Saturday, July 24, 2010

Soda Man

dennis

There comes a time when a boy will brave all hurdles to satisfy his thirst—or his visual thirst, at least. I thought that tonight would be that time for me. I had it all planned days ago when I learned that Dennis Trillo would be in the city for a particular event as part of the Sandugo Festival. I was in for a surprise. Really, who was I kidding? It seemed the cosmic universe would not allow me to see him in person.

I spent the whole afternoon texting my friends, asking if they would kindly accompany me to the event. Two replied with promise, but I knew better than to expect for reasons that would eventually play a vital part in my choice. Someone to go with me was out of the question. But I had a contingency plan at hand: I was going to the event by myself.

One glimpse would be enough. I just wanted to see him in the flesh, regardless of the proximity. I wondered if he looked anything like he did in pictures. I was going to bring my camera, who knows I might be able to sneak backstage for some photo-op. I would scream his name aloud till my lungs gave out. The thought—the whole plan, really—seemed primitive and out of character. But it was Dennis Trillo for crying out loud; being primitive was excusable.

I had my mind made up. Until a friend texted me saying I probably could get stabbed at the boulevard where the event would be held. I was adamant at first, thinking it seemed far-fetched. But as I was picking out a shirt that I would pair with my favourite jeans, a thought occurred to me: what if I actually get stabbed?

The venue would be packed for sure. Suddenly I couldn’t imagine myself making through crowds of people scattered practically on every inch of the place. I couldn’t possibly bring myself to being surrounded by delinquents on the prowl for someone to rob, or—if things took out of their control—kill. I didn’t want to be on the news the next morning; I didn't want to be on the list of the casualties that unfortunately is becoming part of the festival each year. But really, don't all festivals have their casualties? And besides, I was certain a lot people smelled during those kinds of events. Past experiences may have taught me how to hold my breath for long periods of time, but I wasn’t going to try it this time.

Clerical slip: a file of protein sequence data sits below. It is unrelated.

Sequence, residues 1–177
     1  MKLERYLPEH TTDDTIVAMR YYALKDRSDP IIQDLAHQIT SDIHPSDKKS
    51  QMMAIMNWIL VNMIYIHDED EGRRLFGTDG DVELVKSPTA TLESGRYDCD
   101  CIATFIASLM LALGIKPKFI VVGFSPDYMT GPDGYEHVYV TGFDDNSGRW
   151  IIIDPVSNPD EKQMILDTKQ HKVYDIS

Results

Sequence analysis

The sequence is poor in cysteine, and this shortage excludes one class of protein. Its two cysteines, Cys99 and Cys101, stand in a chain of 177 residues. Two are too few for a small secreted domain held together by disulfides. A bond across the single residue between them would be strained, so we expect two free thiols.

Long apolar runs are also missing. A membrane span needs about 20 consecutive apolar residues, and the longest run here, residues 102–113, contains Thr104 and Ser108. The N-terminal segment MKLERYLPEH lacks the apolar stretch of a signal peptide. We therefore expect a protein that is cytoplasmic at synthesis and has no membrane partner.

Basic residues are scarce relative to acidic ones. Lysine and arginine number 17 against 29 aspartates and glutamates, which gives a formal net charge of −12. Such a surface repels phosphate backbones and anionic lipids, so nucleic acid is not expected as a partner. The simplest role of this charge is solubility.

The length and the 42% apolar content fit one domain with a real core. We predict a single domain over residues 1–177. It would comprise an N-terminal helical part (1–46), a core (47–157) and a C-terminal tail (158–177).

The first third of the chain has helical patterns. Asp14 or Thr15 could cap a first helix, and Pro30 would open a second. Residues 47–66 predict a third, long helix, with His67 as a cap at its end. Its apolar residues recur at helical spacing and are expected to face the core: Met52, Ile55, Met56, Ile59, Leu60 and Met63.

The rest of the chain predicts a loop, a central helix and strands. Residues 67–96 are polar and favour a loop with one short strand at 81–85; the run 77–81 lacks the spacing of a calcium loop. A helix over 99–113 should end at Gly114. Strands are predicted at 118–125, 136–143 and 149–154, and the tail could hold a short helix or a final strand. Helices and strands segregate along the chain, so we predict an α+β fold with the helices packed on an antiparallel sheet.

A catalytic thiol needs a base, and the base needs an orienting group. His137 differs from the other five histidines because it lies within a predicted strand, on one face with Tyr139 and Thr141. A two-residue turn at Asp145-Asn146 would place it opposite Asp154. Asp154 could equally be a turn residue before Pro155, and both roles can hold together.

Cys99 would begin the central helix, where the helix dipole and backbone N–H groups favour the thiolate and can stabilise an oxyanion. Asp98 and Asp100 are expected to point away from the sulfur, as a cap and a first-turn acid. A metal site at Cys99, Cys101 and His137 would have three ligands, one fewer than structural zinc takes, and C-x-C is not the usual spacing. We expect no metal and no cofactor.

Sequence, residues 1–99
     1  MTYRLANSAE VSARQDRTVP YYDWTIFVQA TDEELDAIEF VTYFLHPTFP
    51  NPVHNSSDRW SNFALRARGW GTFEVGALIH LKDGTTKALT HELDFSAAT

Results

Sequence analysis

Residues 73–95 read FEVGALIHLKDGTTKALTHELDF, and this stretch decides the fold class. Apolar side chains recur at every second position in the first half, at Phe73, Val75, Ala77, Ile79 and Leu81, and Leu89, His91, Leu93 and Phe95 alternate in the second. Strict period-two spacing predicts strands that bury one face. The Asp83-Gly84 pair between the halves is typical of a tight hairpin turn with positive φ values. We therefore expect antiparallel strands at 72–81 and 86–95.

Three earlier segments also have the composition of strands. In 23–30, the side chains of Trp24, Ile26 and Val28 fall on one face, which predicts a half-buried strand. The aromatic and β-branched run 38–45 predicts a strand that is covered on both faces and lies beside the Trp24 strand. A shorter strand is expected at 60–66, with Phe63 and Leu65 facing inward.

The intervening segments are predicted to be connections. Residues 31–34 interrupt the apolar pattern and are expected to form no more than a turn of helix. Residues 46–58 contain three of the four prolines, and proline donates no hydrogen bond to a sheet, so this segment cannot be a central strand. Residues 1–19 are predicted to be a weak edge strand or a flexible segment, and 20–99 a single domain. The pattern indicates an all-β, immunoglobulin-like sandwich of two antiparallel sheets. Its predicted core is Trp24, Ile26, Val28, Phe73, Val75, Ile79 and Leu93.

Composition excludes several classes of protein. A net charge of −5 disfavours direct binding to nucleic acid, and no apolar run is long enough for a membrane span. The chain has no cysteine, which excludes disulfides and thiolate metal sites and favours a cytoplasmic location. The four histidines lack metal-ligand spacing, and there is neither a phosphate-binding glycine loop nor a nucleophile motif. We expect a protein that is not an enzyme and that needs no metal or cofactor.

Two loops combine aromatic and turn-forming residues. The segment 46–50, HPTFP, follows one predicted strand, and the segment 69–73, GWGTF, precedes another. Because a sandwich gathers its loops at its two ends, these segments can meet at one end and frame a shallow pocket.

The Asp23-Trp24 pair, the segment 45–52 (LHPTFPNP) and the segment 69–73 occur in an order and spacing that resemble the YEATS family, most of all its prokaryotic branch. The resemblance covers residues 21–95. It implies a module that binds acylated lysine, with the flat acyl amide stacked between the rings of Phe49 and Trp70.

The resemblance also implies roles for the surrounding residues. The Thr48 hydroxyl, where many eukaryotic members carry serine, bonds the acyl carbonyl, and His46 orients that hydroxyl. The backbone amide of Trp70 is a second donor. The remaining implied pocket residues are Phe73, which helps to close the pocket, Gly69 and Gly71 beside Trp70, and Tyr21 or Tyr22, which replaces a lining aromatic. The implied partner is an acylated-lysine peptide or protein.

I went out on our lawn and saw two searchlights that screamed Dennis’ name. I was terribly disappointed. But I knew better than to risk getting hurt for seeing my ultimate local celebrity boy crush. But I wasn’t going to wallow in disappointment; I went on-line and searched for pictures of Dennis. Sure, I already had a folder full of his pictures, but the act of typing his name on the search bar actually served as therapy.

At around 9 in the evening, two hours after the event supposedly started—and most probably the time, after all the inconsequential opening acts have performed, when Dennis would have come out into the stage—my friends texted me, asking if I did go by myself. The only response I gave was of disregard, not that I blamed anyone for the night's disappointment. Not completely, that is.

Yes, I may not have gone to the event to see him in person but I did get my fair share of Dennis tonight; I have already gratified my visual thirst. And that's all there is about Dennis, really. He's just a visual treat that I fancy. Because, after all, I'm just like any boy—and every person, really—who enjoys a damn good visual indulgence.